C'mon Hollywood #149
... enough with the crappy remakes!
The remaking of old movies has been a common trend in Hollywood for years now. Itís an obvious complaint, but with the recent announcement of a Elm Street remake , I think things have gotten out of hand. I donít know if Iíd go as far as saying weíve reached an all time low, but things are bad in Hollywood and the crap currently at theaters and the crap up ahead is really detracting from the good streak Hollywood had going last year. Here are a few rules to follow when choosing to remake an old movie.
Sorry, heís the only Freddy Iíll ever know.
First, if the movie has a popular sequel, then it shouldnít be remade. The Freddy movies are a good example. Basically, sequels usually establish a film as a franchise and that burns an impression into an audienceís mind. Iíve only seen the first NIGHTMARE ON ELM STREET, but I canít imagine anyone other than Robert Englund playing Freddy. The first was a classic because of the coolness of the character and the simple idea. Bay-ing it only removes everything we liked originally. Iíve grown up with previews and TV spots advertising him as Freddy, and thereís no reason to remake any of his films. KING KONG might be the exception to the rule, but in all fairness, its sequels werenít nearly as popular as the original.
Technically a remake, but updated enough to be worthwhile.
The second rule is to allow enough time to pass. Iím not sure how much time is enough, but Iím going with 40 years for a popular movie and 25 years for an obscure title. Not only does this allow the general movie audience time to forget about the film, but it also gives enough time to make an update worth while. As much as Iíd like to see a remake of GHOST RIDER done well, itís only been two years.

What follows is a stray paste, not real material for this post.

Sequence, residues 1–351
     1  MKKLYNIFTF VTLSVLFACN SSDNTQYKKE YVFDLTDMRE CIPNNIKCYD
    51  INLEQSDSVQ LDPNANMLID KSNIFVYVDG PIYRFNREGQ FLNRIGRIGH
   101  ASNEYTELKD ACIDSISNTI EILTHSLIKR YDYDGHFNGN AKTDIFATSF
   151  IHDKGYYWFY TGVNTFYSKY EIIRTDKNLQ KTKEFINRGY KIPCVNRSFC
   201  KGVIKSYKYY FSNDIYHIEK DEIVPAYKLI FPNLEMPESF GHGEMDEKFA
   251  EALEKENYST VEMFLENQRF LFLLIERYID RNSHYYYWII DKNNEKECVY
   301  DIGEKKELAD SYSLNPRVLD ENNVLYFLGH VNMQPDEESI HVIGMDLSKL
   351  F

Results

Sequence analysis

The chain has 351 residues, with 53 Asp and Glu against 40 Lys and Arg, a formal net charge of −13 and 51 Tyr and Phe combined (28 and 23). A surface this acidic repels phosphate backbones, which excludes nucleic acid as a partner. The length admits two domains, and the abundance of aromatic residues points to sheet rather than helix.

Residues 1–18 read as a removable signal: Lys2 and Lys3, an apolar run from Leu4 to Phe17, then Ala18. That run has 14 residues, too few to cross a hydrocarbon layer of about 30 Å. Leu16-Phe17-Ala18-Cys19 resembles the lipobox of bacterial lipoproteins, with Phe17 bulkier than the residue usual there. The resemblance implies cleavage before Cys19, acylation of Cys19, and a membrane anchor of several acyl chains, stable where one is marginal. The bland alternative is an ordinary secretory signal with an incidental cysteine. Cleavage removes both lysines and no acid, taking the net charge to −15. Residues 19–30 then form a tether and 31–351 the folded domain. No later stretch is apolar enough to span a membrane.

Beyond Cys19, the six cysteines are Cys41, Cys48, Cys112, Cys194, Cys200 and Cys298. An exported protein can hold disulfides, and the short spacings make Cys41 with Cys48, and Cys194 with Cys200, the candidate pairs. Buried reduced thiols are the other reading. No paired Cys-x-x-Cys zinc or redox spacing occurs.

Third, only remake movies that you can actually improve on. For example, I could see a remake of 1927ís WINGS because weíve come so far with CGI and effects that the movie would be better for it. In fact, anything we did today would be an improvement. Itís not that the movie was bad, itís just that you can tell it was made in the 20ís. However, I couldnít see a remake of PHILIDELPHIA STORY because that was a fantastic film that no actor or actress of today is going to match. Plus, thereís nothing that we can do to improve upon the film.
If this was remade today, very few people would even know.
Fourth, be weary of remaking movies with iconic figures and a loyal fan base. You canít fear fanboys, but you need to respect them. Theyíre the reason the original film was successful in the first place, so you donít want to alienate them right off the bat. Just because a particular character is popular in todayís culture, it doesnít mean that people want a movie of it. Also, casting really young characters in popular roles is a good way to get negative press for your movie.
Fifth, most foreign films are ok, regardless of when they were made. Before I get slammed for that one, let me explain. Most Americans donít watch foreign movies unless theyíre really popular i.e. AMELIE, CROUCHING TIGER, HIDDEN DRAGON, A BEAUTIFUL LIFE, OLDBOY, etc. So of course, those movies would be off limits, among others. However, most horror and action films donít get as much attention over here, so itís not as big of a deal. THE DEPARTED was amazing and it was a remake of INFERNAL AFFAIRS. However, does every Asian horror film have to be remade? And whatever happened to the Tom Hanks starring remake of IKIRU ? I was actually looking forward to that one.
The best Asian to American remake ever.
As time goes on, sometimes remaking a movie makes sense. Despite that, remaking a film just feels like Hollywood is giving up. Itís basically saying they canít come up with anything, so theyíre stealing someone elseís ideas. With the hundreds of thousands of scripts out there, thereís no need to remake a film. However, if you absolutely have to make a remake, at least follow the aforementioned rules.
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